In fact, they just benefit the haves and even finance various businesses too via the subsidised goods, the price of shawarma for instance remains “reasonable” due to the ready availability of subsidized meats, bread and vegetables too.

So, the test balloons have been released over the last couple of weeks via “judicious” press leaks – well, if you consider four-pound hammers cracking a walnut judicious, that is – and now over the last couple of days, they just came out and said it: the subsidies will be of the past very soon. The government no longer has the luxury of dedicating some BD200 million a year to do just that. The first commodity to be hit will be the Mumtaz fuel it seems. Then it will roll down on to other commodities.

The premise the government is throwing at us is that they will ensure that those in need will be taken care of and subsidies will be routed appropriately. They’re a bit sketchy on this little detail of course, but I’m sure the CIO will once again pull that proverbial rabbit out of their hat. Or, maybe, they’ll put the “smart card” to use. Coupled with the deep data mining they are capable of, they wouldn’t be too taxed in finding those who are actually in need.

Some skeptics are not convinced of the motives and are less so about the implementation. I can’t say that I don’t agree for the details are anything but crystal. I would be very happy if this newly elected parliament with its greater number of “independents” a lot of whom are businessmen would look at the budget and plans acutely. They need to, and they need to hold the government to account and press it for full transparency – especially the black hole which is the CIO – to ensure that funds are put where they belong, and routed to those who deserve them.

The ballpark is now set for the next four years of parliament I think… it will be a more vociferous fight about money, which is distasteful if not coupled with real demands for full governmental disclosure and transparency.

Let the games begin, I say. It should be fun.


Subsidies Subsidies

Bahraini Prime Minister

I’m still a bit confused from reading various reports yesterday of the government subsidising basic necessities to the tune of BD500 million (US$1.326 billion) a year. Of that staggering figure, we know that BD12 million are spent on subsidising meat, poultry and flour.

Okay, that is good in that it keeps prices of necessities low, it’s not good economic sense I don’t think, there are other more effective ways to get these subsidies to the people who need it most (ration cards of coupons would do better I think) as these blanket subsidies offered would apply to multimillionaires and rock-bottom poor people too. I think it would be much more effective actually to raise the education level, work ethics, and provide jobs. The old adage “Give a man a fish, and you feed him for a day. Teach a man to fish, and you feed him for life.” should be taken to heart and implemented.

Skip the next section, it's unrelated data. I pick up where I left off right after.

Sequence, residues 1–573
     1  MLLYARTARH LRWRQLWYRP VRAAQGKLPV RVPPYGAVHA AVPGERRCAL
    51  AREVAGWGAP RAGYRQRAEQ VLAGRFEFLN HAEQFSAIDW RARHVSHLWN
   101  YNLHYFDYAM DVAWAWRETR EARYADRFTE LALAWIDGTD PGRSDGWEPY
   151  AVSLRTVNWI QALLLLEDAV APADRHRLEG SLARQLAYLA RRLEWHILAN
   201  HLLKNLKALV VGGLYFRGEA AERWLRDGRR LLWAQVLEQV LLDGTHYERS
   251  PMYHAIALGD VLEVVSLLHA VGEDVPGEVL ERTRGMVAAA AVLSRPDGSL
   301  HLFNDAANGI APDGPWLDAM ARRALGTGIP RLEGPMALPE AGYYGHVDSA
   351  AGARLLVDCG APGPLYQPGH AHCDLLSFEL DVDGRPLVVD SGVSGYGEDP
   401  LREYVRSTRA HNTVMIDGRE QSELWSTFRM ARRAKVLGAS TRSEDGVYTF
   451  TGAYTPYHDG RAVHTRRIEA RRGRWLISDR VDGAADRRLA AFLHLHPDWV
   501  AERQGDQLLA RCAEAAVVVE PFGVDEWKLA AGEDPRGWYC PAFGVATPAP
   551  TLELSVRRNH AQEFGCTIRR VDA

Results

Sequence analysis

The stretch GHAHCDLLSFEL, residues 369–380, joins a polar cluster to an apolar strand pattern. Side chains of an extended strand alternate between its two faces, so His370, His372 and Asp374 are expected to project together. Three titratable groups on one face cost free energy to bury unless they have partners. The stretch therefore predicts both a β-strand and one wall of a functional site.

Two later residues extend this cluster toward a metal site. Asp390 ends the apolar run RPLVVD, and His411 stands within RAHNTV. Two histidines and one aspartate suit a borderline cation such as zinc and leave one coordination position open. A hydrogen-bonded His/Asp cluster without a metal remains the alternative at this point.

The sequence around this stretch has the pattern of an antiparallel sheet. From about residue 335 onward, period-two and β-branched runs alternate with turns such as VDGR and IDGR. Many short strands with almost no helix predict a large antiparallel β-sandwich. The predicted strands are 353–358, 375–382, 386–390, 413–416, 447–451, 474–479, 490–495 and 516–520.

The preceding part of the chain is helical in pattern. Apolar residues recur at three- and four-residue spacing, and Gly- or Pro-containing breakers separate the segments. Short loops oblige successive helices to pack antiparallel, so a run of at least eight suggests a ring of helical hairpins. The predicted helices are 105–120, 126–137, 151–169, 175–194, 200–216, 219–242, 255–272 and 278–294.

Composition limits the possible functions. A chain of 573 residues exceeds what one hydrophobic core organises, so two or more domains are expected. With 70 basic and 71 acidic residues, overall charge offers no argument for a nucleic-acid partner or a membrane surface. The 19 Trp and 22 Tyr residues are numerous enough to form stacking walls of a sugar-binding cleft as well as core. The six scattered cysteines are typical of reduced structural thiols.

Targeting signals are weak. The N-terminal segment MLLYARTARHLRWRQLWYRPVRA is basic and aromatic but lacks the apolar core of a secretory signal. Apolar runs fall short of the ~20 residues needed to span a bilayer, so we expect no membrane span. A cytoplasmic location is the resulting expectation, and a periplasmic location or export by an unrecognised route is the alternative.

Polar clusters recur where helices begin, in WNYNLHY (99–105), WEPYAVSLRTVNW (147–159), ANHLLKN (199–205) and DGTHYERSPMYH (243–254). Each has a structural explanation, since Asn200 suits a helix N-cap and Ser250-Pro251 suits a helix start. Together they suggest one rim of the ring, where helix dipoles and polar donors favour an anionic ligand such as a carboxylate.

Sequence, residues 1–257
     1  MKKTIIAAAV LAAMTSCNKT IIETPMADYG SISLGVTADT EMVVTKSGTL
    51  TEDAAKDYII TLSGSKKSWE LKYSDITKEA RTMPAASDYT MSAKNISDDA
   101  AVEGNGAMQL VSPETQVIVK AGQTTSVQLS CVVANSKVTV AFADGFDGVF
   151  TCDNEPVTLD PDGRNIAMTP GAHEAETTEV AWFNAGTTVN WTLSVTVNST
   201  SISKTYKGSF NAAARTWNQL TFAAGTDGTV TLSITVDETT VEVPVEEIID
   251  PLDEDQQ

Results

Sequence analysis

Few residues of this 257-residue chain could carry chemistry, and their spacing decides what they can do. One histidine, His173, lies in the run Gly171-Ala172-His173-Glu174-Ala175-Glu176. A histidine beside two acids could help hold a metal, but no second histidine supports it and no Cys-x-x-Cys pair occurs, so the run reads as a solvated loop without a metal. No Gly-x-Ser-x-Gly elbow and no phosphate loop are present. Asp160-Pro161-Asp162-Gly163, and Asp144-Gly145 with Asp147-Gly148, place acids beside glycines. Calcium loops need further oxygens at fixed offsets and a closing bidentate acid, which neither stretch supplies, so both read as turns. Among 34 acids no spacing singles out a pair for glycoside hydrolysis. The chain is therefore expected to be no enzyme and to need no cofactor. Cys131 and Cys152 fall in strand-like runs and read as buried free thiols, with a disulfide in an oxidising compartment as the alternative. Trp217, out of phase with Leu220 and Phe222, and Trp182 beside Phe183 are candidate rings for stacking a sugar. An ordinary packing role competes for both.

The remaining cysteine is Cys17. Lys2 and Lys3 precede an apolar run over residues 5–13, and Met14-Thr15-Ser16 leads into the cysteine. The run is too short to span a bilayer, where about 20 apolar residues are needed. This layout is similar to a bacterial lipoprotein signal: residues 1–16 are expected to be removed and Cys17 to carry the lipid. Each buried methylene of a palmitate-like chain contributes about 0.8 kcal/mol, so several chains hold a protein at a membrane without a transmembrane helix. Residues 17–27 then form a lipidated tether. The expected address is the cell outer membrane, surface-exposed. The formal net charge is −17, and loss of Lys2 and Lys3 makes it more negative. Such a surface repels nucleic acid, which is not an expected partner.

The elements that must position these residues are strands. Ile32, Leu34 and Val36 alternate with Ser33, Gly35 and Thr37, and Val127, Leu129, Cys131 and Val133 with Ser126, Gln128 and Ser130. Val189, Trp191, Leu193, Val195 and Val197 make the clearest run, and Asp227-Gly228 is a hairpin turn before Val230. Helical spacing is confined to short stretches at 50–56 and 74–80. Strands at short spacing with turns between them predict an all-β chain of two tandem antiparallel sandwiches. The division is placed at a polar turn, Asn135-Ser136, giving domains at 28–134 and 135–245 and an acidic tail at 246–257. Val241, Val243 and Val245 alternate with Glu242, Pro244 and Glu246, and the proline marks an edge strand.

Apart from that, a question begs to be asked: where does the remaining BD488 million go? And if only 12 million suffices for providing reasonable prices for the basic necessities, what else is actually subsidised? Lipstick? Deodorant? Soap? Alfalfa?

What constitutes a dire necessity that the government takes away that huge figure – which is almost equivalent to the total infrastructure projects budget the government got approved but never fully used in 2005?

I know I’m no economist, but simple maths is all that is necessary here. When HH the PM declares that staggering budget but only specifies how 2.4% of the total sum is applied, a multitude of questions are raised, and it behooves our parliamentarians to seek their answers. Apart from those present at HH’s majlis, included the press, who should have questioned HH even just a little bit to get him to explain these figures a bit more.

I hope that parliament will correct this situation by tabling a question to HH’s office to seek a full explanation of the subsidies strategy adopted by the government and what actually constitutes a basic necessity deserving of this subsidy. I wonder too if this figure is actually approved in the national budget, because if it had and no red flags were raised, then we do have a problem on our hands.

I feel that this must be a mistake in recording the figure or that it has been taken out of context, but none of the papers I read this morning so far offer this avenue of escape. Half a billion Dinars on subsidies? This is insane!